How did it happen that my patient chose to remain stuck in an unfulfilled, psychically dulling and isolated life?
He is depressed. No surprise. The medical collective and even many in the mental health field might immediately blame a “chemical imbalance” in his brain.
Let me offer another way of looking at this that takes into account learning, relationships, and habit.
If a patient’s life is not going well, certainly not going they way he wishes – and he would not be talking to me if it were going otherwise – I must ask, “what is getting in the way?” Together, we must look at his choices because this will put us on the right trail. What are you choosing on a regular basis?
Don’t you make choices that feel right and natural to you at the time, even if it ends up feeling bad? These are your natural patterns that evolved over years of learning in your growing-up environment. They evolved within relationships that mattered to you. You just wanted to do the right thing, or get by, or not get in trouble, right?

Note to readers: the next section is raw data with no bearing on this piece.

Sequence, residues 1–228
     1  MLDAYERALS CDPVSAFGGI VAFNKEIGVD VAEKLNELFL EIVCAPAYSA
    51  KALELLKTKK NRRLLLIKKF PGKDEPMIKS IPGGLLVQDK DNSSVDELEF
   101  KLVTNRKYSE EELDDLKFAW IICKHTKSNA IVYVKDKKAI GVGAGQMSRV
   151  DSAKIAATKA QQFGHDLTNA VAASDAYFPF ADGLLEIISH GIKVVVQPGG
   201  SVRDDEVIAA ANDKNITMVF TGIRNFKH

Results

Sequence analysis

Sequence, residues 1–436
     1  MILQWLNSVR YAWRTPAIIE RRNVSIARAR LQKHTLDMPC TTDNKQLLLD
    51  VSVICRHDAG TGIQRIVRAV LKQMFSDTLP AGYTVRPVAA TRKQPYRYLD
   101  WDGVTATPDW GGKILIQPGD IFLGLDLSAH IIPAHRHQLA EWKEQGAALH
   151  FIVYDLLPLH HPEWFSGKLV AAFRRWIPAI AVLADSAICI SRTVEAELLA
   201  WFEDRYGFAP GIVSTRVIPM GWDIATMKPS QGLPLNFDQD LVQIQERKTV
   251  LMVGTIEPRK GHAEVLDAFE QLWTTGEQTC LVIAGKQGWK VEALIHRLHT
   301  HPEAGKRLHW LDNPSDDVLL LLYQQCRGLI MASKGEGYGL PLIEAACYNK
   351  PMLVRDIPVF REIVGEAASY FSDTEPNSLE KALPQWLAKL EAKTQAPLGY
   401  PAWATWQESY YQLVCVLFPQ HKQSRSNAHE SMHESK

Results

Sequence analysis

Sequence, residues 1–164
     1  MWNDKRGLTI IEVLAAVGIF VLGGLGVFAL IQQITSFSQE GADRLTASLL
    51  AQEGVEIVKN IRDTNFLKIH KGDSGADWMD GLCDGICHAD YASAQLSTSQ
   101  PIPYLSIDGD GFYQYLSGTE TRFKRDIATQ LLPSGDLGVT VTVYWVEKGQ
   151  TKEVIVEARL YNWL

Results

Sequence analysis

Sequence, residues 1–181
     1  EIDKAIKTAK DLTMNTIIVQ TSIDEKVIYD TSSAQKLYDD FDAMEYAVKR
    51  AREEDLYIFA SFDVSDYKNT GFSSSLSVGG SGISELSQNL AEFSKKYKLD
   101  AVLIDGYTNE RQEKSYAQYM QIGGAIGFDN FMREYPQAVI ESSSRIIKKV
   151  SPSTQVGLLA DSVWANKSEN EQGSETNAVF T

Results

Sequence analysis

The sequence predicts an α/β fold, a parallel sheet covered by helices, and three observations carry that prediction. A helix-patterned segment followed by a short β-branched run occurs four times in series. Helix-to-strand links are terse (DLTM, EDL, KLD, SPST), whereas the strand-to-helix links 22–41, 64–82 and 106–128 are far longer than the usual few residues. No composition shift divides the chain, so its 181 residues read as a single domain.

Here is an example:
The child who cannot rely on her parents learns this lesson: she must be over-self-reliant at a too-young age. This child grows into an adult who feels she has to do it all herself, or is angry when others don’t take responsibility for themselves.
She may not be able to ask for help when she needs it.
Then she builds up resentment.
Then important people in her life avoid her.
Then she feels more alone and unable to ask for help.
She may surround himself with people who cannot help her: busy people, self-involved people, needy people.
She feels more and more alone then.
Can you see how this happens? Can you see how this might lead to depression? Yet it started out as an adaptive coping strategy.